Freemasonry: Fact or Flagrant Fantasy?

Nicholas Cage in a promotional poster for National Treasure.

By E.D.

What do the Da Vinci Code, income taxes, Beyoncé, the Rhodes Scholarship, Hamas, the Apollo moon landing, and John F. Kennedy all have in common? They all helped contribute to the story that became National Treasure

In November 2004, hundreds of thousands of children and parents alike were introduced to the world of National Treasure. As its title suggests, the movie tells a story of a long-lost, ancient treasure, a story entwined with the history of Freemasonry as well as the American Revolution. The entire plot revolves around the intersection of a few long-established conspiracy theories, and thus is the perfect story to engage children with the “past” and make a lot of money doing it. 

This treasure, as Nicholas Cage’s character learns as a child, is a collection of priceless artifacts from the Old World collected by the Knights Templar. The Knights Templar were a real, prolific Christian military order of the late middle ages, and it is rumored that they hid a massive treasure from their rival, King Philip of England. After the downfall of the Knights in the fourteenth century, the treasure of the film was left untouched until the eighteenth century. That was when a guild of English stonemasons, the Freemasons, supposedly discovered the collection and called it their own. In an effort to preserve the priceless treasure, the film describes how they brought it along with them to America, where the Founding Fathers protected it during the American Revolution and generously left clues behind for future treasure hunters. 

The real history of Freemasonry is a bit more political. Freemasonry had a lot of power in the eighteenth century due to the fact that many powerful and famous politicians of the American Revolution era were high-ranking Masons. Supposedly, at least nine signers of the Declaration of Independence were Freemasons, including Benjamin Franklin. George Washington was even a Master Mason, the highest degree of Masonry. 

These Freemasons met in lodges scattered across the East Coast to fraternize and enjoy the company of their fellow Masons. Although according to Masonic regulations there is to be no discussion of politics or religion in lodges, it is obvious that these fraternal relationships would have often overlapped with exclusive political networks. 

The Masons’ secrecy within a democratic society led Americans to invent numerous conspiracy theories about them. As Richard Hofstadter discusses in his essay “The Paranoid Style of American Politics,” Americans have long accused Masons of carrying out secret plots according to their own set of laws and punishments, since they seemed to be more loyal to one another than they were to be loyal to the law.

Americans’ paranoia surrounding Masonry heightened in the midst of the Illuminati scare of the late eighteenth century. In 1797, British physicist John Robinson wrote a book titled Proofs of a Conspiracy that accused a Bavarian Freemason offshoot organization called the Illuminati of conspiring to subvert Christianity and good order. This conspiracy theory gained momentum in the United States when Boston minister Jedidiah Morse delivered a sermon warning Americans of the imminent threat of the Illuminati. President George Washington, hoping to avoid a conflict, wrote a letter dismissing the threat of the Illuminati, which only served to thicken the conspiracy.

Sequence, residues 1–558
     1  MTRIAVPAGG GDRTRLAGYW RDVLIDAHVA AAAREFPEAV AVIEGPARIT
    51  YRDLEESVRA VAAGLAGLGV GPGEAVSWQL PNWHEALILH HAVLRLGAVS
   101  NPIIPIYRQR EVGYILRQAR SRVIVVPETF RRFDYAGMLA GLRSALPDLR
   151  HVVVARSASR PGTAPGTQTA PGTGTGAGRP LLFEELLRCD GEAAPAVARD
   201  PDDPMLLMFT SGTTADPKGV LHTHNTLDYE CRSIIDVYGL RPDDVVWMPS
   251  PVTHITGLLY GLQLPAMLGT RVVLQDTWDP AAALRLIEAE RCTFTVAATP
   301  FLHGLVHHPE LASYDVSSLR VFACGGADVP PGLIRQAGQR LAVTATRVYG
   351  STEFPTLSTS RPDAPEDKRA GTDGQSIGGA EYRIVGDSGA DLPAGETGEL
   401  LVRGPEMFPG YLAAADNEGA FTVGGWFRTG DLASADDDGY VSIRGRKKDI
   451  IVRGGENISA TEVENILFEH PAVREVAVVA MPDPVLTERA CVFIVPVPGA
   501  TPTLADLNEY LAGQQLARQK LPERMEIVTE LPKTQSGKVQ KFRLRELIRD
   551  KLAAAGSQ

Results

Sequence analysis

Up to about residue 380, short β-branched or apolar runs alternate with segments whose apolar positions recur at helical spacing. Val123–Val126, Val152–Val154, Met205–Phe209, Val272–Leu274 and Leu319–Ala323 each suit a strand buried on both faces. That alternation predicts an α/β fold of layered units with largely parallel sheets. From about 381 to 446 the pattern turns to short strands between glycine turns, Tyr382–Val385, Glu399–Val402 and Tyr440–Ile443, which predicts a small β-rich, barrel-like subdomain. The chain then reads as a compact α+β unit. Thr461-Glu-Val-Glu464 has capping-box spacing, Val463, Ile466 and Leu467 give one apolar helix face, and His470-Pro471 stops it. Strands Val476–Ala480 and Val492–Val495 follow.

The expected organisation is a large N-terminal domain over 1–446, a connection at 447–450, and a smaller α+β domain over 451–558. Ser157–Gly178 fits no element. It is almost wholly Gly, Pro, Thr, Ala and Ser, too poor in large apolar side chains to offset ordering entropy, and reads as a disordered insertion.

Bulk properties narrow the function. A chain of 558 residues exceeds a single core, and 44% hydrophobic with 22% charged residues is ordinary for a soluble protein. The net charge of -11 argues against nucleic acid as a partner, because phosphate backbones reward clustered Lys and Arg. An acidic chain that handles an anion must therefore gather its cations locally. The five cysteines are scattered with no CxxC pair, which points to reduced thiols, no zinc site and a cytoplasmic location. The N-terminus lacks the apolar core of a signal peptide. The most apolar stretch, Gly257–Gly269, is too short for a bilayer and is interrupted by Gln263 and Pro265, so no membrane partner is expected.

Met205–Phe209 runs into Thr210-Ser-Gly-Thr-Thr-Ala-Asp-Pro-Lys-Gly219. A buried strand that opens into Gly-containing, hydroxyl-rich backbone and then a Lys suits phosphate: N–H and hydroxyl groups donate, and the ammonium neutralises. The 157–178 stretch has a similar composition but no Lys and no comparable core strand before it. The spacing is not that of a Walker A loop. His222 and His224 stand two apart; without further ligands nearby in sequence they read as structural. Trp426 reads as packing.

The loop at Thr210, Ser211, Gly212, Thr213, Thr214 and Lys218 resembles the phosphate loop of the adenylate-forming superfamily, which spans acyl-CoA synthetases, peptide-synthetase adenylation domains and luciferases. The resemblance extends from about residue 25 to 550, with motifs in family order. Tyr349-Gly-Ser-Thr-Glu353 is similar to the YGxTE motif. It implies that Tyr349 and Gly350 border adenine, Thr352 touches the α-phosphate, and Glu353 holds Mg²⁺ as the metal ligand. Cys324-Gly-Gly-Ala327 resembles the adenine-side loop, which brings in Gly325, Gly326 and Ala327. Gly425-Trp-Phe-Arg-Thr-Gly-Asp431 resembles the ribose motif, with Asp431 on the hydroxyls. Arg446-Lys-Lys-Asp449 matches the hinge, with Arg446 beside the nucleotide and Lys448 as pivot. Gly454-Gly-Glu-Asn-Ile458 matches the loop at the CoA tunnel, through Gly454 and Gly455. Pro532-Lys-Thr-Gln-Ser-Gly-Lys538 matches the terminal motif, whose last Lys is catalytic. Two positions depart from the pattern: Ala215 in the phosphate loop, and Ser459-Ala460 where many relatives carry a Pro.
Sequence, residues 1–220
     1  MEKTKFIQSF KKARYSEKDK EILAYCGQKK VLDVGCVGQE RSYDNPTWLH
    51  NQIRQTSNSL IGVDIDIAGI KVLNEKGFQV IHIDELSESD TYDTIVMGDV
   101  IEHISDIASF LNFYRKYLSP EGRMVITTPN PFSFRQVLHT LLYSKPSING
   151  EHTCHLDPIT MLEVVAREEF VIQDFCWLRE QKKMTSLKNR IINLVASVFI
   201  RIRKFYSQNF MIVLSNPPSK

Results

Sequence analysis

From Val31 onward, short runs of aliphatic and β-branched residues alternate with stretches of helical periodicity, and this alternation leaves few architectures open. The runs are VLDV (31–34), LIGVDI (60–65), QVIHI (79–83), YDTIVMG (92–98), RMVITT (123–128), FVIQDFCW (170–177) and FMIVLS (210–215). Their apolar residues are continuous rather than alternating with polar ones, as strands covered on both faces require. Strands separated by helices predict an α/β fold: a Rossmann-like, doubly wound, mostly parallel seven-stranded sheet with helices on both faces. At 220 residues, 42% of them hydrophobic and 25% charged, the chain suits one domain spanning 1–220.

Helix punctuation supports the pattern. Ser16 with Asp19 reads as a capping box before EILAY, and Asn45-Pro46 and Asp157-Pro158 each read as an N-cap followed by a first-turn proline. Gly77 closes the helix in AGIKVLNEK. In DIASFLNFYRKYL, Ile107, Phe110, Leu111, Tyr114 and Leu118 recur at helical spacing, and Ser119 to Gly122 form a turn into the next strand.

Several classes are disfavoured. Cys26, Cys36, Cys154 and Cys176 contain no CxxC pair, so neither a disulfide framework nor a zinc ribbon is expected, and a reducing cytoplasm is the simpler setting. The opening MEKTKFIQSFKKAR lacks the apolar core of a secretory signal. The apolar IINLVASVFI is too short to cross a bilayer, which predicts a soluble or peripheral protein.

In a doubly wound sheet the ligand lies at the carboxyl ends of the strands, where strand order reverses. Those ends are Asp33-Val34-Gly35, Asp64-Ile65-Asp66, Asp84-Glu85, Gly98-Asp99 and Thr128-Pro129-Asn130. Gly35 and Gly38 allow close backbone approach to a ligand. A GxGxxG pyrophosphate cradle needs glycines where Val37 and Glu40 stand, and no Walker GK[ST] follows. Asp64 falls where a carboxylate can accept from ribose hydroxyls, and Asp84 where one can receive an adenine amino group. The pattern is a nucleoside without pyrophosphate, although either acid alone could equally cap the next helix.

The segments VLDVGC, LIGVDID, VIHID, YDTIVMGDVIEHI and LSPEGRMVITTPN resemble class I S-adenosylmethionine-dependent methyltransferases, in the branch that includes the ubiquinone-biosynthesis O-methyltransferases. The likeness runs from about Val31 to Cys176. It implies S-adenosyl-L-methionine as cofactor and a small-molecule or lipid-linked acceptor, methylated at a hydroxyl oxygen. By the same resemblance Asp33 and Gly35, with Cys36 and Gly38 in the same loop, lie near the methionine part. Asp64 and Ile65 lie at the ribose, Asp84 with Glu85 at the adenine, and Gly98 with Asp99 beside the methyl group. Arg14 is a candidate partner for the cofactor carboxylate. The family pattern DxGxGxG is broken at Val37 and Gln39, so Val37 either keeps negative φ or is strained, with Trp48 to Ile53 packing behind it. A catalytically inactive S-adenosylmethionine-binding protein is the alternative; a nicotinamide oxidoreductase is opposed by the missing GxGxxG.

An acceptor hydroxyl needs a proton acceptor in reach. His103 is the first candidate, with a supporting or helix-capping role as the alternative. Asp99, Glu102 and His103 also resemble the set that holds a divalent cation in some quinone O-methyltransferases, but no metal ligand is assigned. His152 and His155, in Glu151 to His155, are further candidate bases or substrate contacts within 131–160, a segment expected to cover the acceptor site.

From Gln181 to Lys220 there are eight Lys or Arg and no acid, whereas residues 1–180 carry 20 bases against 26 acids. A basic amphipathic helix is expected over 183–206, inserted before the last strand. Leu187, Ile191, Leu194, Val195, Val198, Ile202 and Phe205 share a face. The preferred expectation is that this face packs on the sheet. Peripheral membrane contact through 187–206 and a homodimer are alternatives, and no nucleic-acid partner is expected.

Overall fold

By the 1830s, an entire Anti-Masonry movement was hard at work, renouncing Andrew Jackson’s presidency and condemning the apparently anti-American ideologies of Freemasonry. The main sentiment behind the Anti-Masonic Party was a rejection of the aristocratic secrecies of the Freemason guild. To Anti-Masons, Masonry ignored democratic values such as transparency and equal privileges. Democracy was meant to be a relief from the covert politics of England, it was meant to allow for transparency in government. Secret societies, especially Freemasonry, allowed early American political leaders to tout their transparency in their political life, while still leading a social life doused in secrecy. Anti-Masons found this threatening. To them, Masonry was “Hell’s master piece.”

 Freemasonry, or at least the historically true elements of it, eventually died down towards the end of the twentieth century. It wasn’t because of the hard work of the Anti-Masonic party, or because of another adversarial secret society working to break the back of Freemasonry and win their rightful place in the ruling of the earthly world. Unfortunately, it’s a far more trite tale: people just got bored. With the rise of individualism, increase in personal access to information, structural and social investments in equality, and the overall progression of technology, Americans disengaged from their communities more than was before possible. Masonic lodges are no longer necessary meeting places for those with the wherewithal. Instead they remain as a tradition, a symbol, a testament to the days of Freemasonry. 

However, Freemasonry still has a powerful effect on the way Americans interact with conspiracy theories. Even now, when Freemasonry and the Illuminati are often only discussed in reference to elements of popular culture, the idea persists that a few exclusive organizations controlling the world as it is. The truth is that politicians and celebrities do live in a different world than the average American. As long as these other worlds remain somewhat transparent to the average American, then maybe there is no real reason to fear these conspiracy theories.